Where to sleep?
Practical A to Z
Practical A to Z
- Eating out
- Embassies and consulates
- Getting around
- Opening hours
Beans, rice, manioc flour, meat (excellent) and fish are available all over Brazil.
Two typical Brazilian dishes are feijoada (black bean stew) and cozido (meat and vegetable stew).
Churrascarias are typical restaurants where the waiters walk round offering grilled meat a rodizio (as much as you can eat).
In economical ao kilo restaurants, you help yourself at the buffet and then pay per kilo.
Lanchonetes are small bars where you can eat cheaply at the counter.
It is not compulsory to tip in hotels or restaurants (or in taxis), but nothing prevents you from doing so.
Most hotels work on both 110-120 V and 220V. You will need an adaptor for plugs.
Embassies and consulates
British Embassy – Setor de Embaixadas Sul - Quadra 801 - Lote 08 - CEP 70408-900 - Brasilia - t 061 3329 2300 - http://ukinbrazil.fco.gov.uk/en/
Embassy of Ireland – SHIS QL 12 – Conjunto: 5 – Casa: 09 - Lago Sul - CEP 71.630-255 - Brasilia - t 061 3248 8800 - http://www.embassyofireland.org.br
Rio de Janeiro
British Consulate-General – Praia do Flamengo 284/2 andar - 22210-030 Rio de Janeiro - t 021 2555 9600 - http://ukinbrazil.fco.gov.uk/en
Honorary Irish Consulate – Al. Joaquim Eugênio de Lima, 447 - 01403-001 - São Paulo - t 011 3147 7788 - http://www.embassyofireland.org.br
The Brazilian road network is extensive although not always well maintained. There are few motorways or express roads except in the Sudeste.
In towns, particularly in Rio and São Paulo, the Brazilians drive fast. To avoid attacks, they don’t always stop at traffic lights at night, so be careful.
The rail network is not very widespread and travelling by train is not really an option in Brazil.
This is the most popular means of getting around Brazil. The buses are generally comfortable and overnight coaches have sleeping berths.
Instead of a nationwide firm, there are a large number of private companies so travellers have to buy a ticket every time they change coach.
Give the distances in Brazil, air travel is sometimes the most practical means of getting from one large town to another.
Also see Know before you go.
Tap water, even treated, is not drinkable and it is better to filter it or drink bottled water.
Ambulances (ambulãncias): 192
Fire brigade (bombeiros): 193
Police (polícia): 190
The currency of Brazil is the Real (R$), subdivided into 100 centavos.
Foreign currency can be changed in banks, some hotels and travel agencies and in shopping mall and airport exchange offices (câmbio).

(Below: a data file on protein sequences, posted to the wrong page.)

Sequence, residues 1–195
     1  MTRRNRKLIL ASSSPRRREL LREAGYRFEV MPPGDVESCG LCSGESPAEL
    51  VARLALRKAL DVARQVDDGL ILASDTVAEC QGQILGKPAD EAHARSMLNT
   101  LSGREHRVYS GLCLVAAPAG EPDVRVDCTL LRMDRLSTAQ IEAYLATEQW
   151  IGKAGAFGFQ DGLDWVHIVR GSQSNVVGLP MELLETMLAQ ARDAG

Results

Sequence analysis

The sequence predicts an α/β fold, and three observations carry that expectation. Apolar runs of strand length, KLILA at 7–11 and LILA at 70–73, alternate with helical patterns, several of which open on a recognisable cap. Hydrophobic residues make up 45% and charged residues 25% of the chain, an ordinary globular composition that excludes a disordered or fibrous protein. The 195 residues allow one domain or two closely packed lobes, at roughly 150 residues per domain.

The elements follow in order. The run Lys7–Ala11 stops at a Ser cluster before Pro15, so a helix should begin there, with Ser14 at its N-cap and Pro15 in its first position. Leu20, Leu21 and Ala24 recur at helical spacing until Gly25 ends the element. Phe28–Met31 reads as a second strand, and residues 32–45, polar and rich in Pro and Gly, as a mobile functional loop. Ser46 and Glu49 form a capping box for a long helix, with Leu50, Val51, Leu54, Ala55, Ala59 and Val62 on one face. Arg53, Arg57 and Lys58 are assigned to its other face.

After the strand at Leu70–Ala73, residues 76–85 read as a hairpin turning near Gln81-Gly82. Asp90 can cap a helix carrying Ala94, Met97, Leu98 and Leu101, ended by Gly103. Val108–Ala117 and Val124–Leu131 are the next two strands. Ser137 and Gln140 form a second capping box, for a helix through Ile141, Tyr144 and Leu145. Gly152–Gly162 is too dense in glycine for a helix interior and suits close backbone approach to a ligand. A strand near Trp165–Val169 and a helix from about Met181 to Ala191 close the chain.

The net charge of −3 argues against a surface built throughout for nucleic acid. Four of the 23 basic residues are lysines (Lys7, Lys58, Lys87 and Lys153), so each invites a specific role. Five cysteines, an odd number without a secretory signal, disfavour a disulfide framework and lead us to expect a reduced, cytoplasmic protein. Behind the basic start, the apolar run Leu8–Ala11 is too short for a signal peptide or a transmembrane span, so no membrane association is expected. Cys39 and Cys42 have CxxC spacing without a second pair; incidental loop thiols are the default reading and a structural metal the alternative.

Traveller’s cheques are more expensive to change into cash but are safer in case of theft.
Visa and Master Cards are frequently accepted by hotels and shopping malls and by some retailers.
The Nordestine coast and its towns (Salvador, Recife, Fortaleza, São Luís) are expensive, as are São Paulo (the most expensive), Brasília, Belém and Rio. The central (Tocantins, Goiás) and inland regions (Minas Gerais, etc) are the cheapest.
Accommodation is 25 to 30% higher in the peak tourist season (December-March).
Government offices are open Monday-Friday (9am-6pm); some close at lunchtime.
Banks are open Monday-Friday from 10am-4pm and exchange offices from 9am-5pm.
Shops are generally open Monday-Saturday from 9am-6pm.
Shopping malls in large towns: Monday-Saturday from 10am-10pm and Sunday 3-9pm.
Museums and monuments are generally closed on Mondays and public holidays.
Post offices are open Monday-Friday from 9am-5pm, Saturday 9am-1pm.
Theft and attacks do take place and safety is a genuine problem in Brazil. There is however no reason to overreact.
Don’t go out with objects of value (jewellery, cameras, etc.) or large sums of money. If someone attacks you and asks for money or your watch, hand them over straight away.
Note: mobile phone numbers begin with a 9 and have 8 digits.
To call Brazil from abroad
From Europe, dial 00 + 55 (Brazil country code) + town code + the number of the person.
To call home from Brazil
Dial 00 + country code (UK 44 and Ireland 353) + the number of the person (without the first 0).
Making calls inside Brazil
Dial 0 + the carrier code (varies depending on where you are calling from), then the code of the town you are calling + the person’s number.